“Do not gloat when your enemy falls;
when they stumble, do not let your heart rejoice.” (Proverbs 24:17)
Jesus’ way of interpreting the Torah was one among many. Jesus’ way contrasted with other interpretations that were more formal or that emphasized strict ritual observances to practice Torah faithfulness. But it was these interpretations that Jesus’ teachings contrasted with according to Matthew, not the Torah itself. Jesus’ way of defining faithfulness to the Torah would have also provided his followers with a meaningful alternative to the Temple rituals now they could no longer be practiced.
But, again, Jesus’ teachings were not the only teachings offering alternatives. Karen Armstrong gives another example:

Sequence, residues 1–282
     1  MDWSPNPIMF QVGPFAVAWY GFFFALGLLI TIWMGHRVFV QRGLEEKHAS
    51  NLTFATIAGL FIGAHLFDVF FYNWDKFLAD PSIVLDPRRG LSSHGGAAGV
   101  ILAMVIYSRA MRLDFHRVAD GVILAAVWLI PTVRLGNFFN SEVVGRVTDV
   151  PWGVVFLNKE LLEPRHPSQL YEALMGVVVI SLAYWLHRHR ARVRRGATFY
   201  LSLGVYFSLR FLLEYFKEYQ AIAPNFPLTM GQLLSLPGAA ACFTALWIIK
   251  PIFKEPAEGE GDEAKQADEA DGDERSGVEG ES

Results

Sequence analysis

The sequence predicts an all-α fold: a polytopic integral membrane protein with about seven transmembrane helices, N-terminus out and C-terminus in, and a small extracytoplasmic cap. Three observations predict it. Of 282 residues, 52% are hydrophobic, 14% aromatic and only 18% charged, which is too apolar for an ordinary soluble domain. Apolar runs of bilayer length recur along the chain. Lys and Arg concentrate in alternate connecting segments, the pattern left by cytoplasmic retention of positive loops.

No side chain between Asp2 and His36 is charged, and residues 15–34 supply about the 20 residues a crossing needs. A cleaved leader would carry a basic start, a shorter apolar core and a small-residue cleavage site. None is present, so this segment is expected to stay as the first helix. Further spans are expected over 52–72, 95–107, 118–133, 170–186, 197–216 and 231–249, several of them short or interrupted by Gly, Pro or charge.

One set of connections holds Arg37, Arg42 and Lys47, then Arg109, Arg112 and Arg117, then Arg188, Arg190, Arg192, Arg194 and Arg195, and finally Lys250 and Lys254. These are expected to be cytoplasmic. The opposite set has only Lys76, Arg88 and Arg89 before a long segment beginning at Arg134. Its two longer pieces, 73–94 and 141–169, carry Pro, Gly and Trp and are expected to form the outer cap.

“In Rabbinic Judaism, the Jewish Axial Age came of age. The Golden Rule, compassion, and loving-kindness were central to this new Judaism; by the time the temple had been destroyed, some of the Pharisees already understood that they did not need a temple to worship God, as this Talmudic story makes clear:
It happened that R. Johanan ben Zakkai went out from Jerusalem, and R. Joshua followed him and saw the burnt ruins of the Temple and he said: ‘Woe is it that the place, where the sins of Israel find atonement, is laid waste.’ Then said R. Johanan, “Grieve not, we have an atonement equal to the Temple, the doing of loving deeds, as it is said, ‘I desire love and not sacrifice.” (Karen Armstrong, The Great Transformation: The Beginning of Our Religious Traditions, Kindle Locations 7507-7540)